I had never seen a pomegranate bush until I went to Italy donkeys ago.
It was in September of 1982 and I was taking a year’s sabbatical before going to university to study geology. We went camping in the wild, all over Italy in our old, blue VW Variant — the one that we had previously chopped the top off and made it into a convertible after my brother-in-law had rolled the car, damaging the roof.
We painted it a sporty rosso farina red. Then we were ready for action!
We were young then, brave, diehard — and poor! — so we slept in this illegally-converted jalopy, camping out in the wild to be close to nature (and to save money) — touring for a month (until the first gear went!) down through France, all over Italy, up into Switzerland, down the length of Yugoslavia and then into Greece. (Things were easy-going then, rules were less sticky and severe.)
At one point I had to pop into the doctor’s near Lake Como, because my face had swollen up due to the constant eddying of the wind. (Luckily I could communicate in Italian, being from Italian parentage myself.) He explained that I had to keep out of the wind, so we devised a full headscarf from which only my green eyes peeped out. I soon improved, despite the huge mosquito bites I later got all over my body after sleeping the night on the beach near Pescara on the Adriatic.
That’s also where the first fisherman that arrived at dawn had to push us out of the sand, because the tide had come up so much at night, reaching half way up the wheels, so that by morning we were well-embedded in!
Anyway, it was while camping in the wild that I stumbled across the beautiful, orange, fleshy flowers that speckled a luscious-green bush — they stood out proud against the bright, narrow leaves. On closer examination I noticed that behind the crinkly, tissue-paper petals that covered the star-shaped sepals, there was a round protuberance. I realised then that this was a miniature pomegranate. It lay half-concealed by those wrinkly petals — and was beautiful! So it’s no wonder that this juicy descendant from the Middle-East is referred to as ‘jewels in the fruit crown’.
I wanted to preserve the flowers and take them back to London with me, so I tried to press them, but it wasn’t successful because the calyx was too fleshy.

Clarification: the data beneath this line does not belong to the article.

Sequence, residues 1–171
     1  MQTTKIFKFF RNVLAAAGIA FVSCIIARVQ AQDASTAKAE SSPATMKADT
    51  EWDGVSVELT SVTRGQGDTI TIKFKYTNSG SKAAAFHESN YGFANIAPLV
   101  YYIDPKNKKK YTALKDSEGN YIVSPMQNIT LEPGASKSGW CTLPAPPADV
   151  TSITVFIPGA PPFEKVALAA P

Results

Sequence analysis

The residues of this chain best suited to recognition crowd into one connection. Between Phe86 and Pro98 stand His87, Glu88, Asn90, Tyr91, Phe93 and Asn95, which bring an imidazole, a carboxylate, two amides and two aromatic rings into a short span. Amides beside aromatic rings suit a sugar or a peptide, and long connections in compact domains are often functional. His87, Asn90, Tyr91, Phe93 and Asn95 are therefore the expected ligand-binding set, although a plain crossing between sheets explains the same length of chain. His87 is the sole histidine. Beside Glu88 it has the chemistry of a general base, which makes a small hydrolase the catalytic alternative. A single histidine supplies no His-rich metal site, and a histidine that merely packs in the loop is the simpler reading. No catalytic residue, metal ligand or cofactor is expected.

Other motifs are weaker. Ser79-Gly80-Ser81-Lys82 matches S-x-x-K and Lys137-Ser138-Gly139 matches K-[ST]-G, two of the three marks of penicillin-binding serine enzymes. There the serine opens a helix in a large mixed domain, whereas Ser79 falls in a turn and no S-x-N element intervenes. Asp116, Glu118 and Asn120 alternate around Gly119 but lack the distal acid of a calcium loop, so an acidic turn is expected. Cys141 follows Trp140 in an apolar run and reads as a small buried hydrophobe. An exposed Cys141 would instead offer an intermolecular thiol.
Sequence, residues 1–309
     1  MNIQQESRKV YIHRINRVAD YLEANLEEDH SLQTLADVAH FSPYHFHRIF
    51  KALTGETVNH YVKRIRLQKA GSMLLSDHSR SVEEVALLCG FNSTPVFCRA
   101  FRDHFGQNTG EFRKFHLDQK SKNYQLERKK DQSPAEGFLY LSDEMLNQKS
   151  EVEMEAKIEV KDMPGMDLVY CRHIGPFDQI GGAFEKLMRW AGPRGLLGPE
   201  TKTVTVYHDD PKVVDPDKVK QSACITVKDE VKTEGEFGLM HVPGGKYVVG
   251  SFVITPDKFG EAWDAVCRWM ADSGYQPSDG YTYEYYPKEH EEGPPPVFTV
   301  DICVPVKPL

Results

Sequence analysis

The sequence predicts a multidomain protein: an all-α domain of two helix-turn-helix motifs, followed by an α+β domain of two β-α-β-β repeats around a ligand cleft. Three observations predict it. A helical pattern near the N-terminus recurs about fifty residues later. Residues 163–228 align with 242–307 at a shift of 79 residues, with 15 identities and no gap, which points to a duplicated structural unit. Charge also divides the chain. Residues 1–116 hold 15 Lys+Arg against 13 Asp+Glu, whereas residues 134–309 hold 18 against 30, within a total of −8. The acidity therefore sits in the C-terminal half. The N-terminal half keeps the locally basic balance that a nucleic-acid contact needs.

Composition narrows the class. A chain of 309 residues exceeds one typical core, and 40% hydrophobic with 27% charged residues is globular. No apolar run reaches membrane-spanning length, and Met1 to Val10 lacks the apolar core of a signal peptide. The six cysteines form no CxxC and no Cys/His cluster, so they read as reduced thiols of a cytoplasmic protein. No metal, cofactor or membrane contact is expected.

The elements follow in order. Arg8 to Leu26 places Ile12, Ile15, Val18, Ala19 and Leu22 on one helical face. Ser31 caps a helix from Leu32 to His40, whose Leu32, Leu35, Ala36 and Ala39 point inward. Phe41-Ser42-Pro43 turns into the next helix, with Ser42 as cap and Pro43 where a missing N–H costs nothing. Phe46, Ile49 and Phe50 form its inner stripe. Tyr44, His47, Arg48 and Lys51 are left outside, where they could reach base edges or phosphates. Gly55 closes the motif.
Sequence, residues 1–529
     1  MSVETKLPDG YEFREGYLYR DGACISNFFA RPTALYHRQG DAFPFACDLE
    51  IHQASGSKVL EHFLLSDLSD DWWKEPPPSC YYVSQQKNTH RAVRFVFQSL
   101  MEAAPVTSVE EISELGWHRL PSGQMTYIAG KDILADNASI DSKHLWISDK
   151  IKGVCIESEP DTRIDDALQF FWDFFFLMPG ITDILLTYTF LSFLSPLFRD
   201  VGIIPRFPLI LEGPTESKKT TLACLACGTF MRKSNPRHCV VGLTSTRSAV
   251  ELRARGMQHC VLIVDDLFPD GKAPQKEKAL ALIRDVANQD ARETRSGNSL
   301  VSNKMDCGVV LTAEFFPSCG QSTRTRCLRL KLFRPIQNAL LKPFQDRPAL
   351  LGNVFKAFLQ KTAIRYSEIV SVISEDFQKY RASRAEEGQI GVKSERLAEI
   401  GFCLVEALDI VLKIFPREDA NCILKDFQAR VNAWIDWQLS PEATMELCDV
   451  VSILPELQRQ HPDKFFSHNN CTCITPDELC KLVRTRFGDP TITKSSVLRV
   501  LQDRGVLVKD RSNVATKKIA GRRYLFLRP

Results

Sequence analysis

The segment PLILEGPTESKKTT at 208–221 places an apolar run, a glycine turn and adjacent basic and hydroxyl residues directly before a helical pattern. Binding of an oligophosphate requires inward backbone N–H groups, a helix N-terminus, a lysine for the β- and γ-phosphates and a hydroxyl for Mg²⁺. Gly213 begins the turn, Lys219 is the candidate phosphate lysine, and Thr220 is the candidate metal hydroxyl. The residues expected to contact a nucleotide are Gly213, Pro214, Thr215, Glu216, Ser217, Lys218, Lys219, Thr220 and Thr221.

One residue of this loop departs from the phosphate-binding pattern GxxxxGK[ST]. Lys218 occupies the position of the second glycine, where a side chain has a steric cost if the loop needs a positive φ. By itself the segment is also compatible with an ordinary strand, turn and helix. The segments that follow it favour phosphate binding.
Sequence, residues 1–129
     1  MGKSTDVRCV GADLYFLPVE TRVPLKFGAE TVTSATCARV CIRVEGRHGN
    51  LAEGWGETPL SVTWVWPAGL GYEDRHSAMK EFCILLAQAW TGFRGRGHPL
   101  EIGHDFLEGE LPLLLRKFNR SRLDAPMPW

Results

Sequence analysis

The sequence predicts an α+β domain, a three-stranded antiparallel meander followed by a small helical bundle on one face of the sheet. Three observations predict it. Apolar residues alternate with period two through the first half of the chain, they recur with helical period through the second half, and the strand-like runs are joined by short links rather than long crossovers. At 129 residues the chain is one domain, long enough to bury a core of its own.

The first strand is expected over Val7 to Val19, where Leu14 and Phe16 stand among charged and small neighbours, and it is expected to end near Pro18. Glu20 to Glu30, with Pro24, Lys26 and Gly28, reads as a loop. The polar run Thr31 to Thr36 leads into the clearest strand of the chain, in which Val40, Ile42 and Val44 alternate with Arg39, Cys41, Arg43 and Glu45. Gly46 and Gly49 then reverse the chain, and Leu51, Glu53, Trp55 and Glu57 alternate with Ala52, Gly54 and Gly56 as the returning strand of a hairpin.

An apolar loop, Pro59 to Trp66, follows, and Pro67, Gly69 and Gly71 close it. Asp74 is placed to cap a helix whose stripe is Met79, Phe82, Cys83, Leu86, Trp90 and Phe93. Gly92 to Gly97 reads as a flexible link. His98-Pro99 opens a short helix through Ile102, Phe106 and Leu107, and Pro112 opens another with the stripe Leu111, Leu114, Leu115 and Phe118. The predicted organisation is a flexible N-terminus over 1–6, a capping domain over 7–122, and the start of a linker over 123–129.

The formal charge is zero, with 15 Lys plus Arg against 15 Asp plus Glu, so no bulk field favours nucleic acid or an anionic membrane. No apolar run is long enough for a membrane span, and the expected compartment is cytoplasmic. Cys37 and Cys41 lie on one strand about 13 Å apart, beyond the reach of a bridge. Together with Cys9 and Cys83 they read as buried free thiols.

However, since that time so far ago, coming across pomegranate bushes and trees is a very common occurrence for me now that I live in Andalusia. I have a miniature bush growing in my D-garden (you know, the one where my dogs like to excavate in search of cooler, freshly-watered earth). Though the bush is dwarf size, it produces lots of the showy flowers and dwarf-sized fruit.
There are also some very large pomegranate trees that grow wild along the stream at the bottom of our steep olive finca (where the wild boars have their dens), but they are so tall that only the birds can get at the fruit.
But then recently, about two months ago, I acquired some roots of the bushes that were growing in a nearby finca: the tractor was ploughing up the land, making way for thousands of Alberquina olive trees that were going to be planted there. I asked for some roots and then planted them in terracotta pots filled with potting compost and horse manure (that our friend regularly supplies me with — though chicken manure is said to be better — that is, manure made from chicken droppings and not the actual chickens). And this is the result:
My idea is to let the bushes grow into trees of about 2 m height, encouraging them to umbrella out so that it is easy to look after the tree and fruit. I will have to throw a net over the tree to keep off the hungry birds! (I should be doing the same with my fig tree now really, which is now producing loads of juicy figs…)
Well, that’s it for me and my pomegranate bushes for now.
Just a couple of points though:-
— If you are interested in seeing the Balcón de Córdoba Hotel mentioned above, where I used to live (and had a tourist shop on the ground floor), then this is the link: https://balcondecordoba.com/galeria/?lang=en
— and if you are interested in knowing what I got up to in this old house with the Moorish-style patio, then you can have a look at my previous blog, entitled From Richmond Park to the Historic Town of Cordova (taken from my book An English Lady in Cordova — the Alternative Guide — available from me…)
Thank you for reading — as usual, I am happy to receive any comments or questions.
Hope this finds you all in good health and spirits — bye for now!